Hurricane Sandy hit the northeastern states hard on Monday evening. Throughout the night you could hear the winds hollowing as climate conditions exacerbated. Rather than sleep on the second floor, my husband and I decided to camp out on the first floor and avoid any danger, should one of the trees in the yard hit our home.
As the hours progressed, the winds became stronger. Between wind pressure, lightening lit up the skies. Before each sudden rush of wind, I braced myself as I prayed for God’s mercy. For hours you could hear police sirens miles away as they responded to emergency calls.
Well unto the night, I finally dozed off. While asleep I heard a crashing noise. I jump up and ran for safety. The tree in our yard hit our home. The wind gust were up about 75 mph to 86 mph and it was too dangerous to go outside and assess the damage. So we waited out the storm.
Tuesday morning we praised God that we were alive and had weathered the hurricane conditions. As we left our home to gas up, many streets were blocked by fallen trees, electric poles and transformers. Hanging electrical wires were everywhere. After turning around and making several detours, we made our way to the highway. Trees had also fallen on highway as well. It was nothing I had seen before. You couldn”t see the hanging wires or fallen trees until you were up on them, having to slam down on your brakes. Signs on the highway were bent in half or hanging from it’s poles.
Traffic lights were out everywhere and more than 6,000,000 people were without electricity. We found a gas station miles away, but the network was down so you could not use our ATM card–only cash. As the day progressed, gas lines were for miles in some areas. The city was reporting cars waiting in line for at least 2-hours.
It was getting late and we headed back home to snug in for the night–candle light watch until morning.
It is Wednesday morning and still no electric… Thank God for iPads. Our office was closed–no electic so we headed for the hospital to camp out and charge our iPhones and iPad for the day. I was a amazed–a few people had the same idea. A hospital employee walked over to my husband and I and asked if we were okay, or if we needed shelter or food. I learned from my husband yesterday that because the hospital is an institution–that’s where you go if you need help. Smart man he is.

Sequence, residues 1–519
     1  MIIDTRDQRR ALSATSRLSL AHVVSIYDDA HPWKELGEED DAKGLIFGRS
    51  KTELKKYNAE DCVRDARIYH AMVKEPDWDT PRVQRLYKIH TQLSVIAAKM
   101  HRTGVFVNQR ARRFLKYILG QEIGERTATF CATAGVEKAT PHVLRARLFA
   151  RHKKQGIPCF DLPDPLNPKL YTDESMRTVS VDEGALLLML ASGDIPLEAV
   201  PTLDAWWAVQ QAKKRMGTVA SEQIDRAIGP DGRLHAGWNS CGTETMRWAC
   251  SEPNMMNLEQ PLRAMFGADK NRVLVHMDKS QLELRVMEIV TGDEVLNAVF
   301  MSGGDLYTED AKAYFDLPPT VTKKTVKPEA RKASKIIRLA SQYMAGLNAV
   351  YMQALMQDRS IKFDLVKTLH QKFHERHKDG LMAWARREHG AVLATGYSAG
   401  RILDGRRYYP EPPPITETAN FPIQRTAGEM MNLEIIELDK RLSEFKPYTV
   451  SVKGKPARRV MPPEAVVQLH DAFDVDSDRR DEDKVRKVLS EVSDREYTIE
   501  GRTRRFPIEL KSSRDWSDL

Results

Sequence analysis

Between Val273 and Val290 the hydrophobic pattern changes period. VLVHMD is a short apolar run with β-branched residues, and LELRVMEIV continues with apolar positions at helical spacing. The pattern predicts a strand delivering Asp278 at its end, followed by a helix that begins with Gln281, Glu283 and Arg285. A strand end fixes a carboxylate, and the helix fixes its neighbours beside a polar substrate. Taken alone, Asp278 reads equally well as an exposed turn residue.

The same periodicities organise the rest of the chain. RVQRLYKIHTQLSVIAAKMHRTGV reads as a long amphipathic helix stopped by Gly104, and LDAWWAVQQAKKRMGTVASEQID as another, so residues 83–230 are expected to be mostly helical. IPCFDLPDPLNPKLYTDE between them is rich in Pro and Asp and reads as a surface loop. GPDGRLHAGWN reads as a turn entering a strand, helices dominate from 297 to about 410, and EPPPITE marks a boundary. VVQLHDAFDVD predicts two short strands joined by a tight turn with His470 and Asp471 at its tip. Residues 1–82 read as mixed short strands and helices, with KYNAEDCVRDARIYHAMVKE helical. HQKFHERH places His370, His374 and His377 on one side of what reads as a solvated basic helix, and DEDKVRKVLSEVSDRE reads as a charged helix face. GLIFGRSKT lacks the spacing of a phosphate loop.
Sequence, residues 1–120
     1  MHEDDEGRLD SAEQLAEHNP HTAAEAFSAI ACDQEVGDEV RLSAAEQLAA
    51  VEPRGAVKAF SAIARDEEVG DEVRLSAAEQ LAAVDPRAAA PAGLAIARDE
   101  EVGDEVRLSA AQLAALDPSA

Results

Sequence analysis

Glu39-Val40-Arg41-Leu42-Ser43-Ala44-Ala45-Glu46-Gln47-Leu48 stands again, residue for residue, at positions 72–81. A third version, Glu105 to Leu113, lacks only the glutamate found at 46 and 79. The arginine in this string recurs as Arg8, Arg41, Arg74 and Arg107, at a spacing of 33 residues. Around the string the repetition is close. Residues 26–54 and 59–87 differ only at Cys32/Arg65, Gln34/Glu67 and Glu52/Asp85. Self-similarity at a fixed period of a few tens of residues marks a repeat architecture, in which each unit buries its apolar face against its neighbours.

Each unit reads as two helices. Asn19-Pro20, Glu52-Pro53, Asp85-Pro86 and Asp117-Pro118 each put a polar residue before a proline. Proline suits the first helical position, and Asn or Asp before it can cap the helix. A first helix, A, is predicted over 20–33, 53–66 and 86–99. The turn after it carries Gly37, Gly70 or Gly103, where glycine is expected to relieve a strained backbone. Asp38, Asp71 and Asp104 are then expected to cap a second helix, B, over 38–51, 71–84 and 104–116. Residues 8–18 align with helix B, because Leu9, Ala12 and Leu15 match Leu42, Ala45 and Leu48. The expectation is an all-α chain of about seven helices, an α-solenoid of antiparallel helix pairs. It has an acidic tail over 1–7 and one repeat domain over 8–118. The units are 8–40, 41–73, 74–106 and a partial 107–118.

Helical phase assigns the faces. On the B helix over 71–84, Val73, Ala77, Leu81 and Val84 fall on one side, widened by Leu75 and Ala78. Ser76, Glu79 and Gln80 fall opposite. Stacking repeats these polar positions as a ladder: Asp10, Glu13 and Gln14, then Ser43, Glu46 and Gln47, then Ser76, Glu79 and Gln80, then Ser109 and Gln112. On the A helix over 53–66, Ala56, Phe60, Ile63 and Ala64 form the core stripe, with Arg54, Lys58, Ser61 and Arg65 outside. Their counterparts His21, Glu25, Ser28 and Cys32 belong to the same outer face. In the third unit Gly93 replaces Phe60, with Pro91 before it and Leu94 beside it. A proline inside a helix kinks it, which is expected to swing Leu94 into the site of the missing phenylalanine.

Although we are handling things pretty well, I will plan better next time. First, I will gas up my car the day before. I don’t think I will ever go electric for appliances. Gas is a commodity at this point. I can at least heat up water, cook on top of the stove and take a shower while I am waiting for power to be restored, which will be at least 10-days according to officials and Lipa the electic company.
Planning for future storms is no long an option for me, especially after reading what the experts have to say. According to reports, New York will be “highly vulnerable” when future storms hit, a professor from a New York Times article says. “Climate change will probably increase storm intensity and size simultaneously, resulting in a significant intensification of storm surges,” they wrote. Sandy had a diameter of some 900 miles, much larger than most storms.
The Intergovernmental Panel on Climate Change predicted in 2007 that the global average sea level would rise between seven and 23 inches by the end of this century. More recent projections suggest that the melting of sea ice could mean a rise in excess of 30 inches. The New York State Sea Level Rise Task Force translated that into a local projection of 2 to 5 inches by the 2020s, and with rapid Arctic ice melt the rise could be as much as 5 to 10 inches over the next fifteen years. Combine that with a trend toward more intense storms and New York is “highly vulnerable,” professor Michael Oppenheimer of Princeton University told CNN.
“(Superstorm) Sandy is a foretaste of things to come,” he predicted, “from the combination of bigger storms and higher sea levels, both of which contribute equally to the growing threat.”
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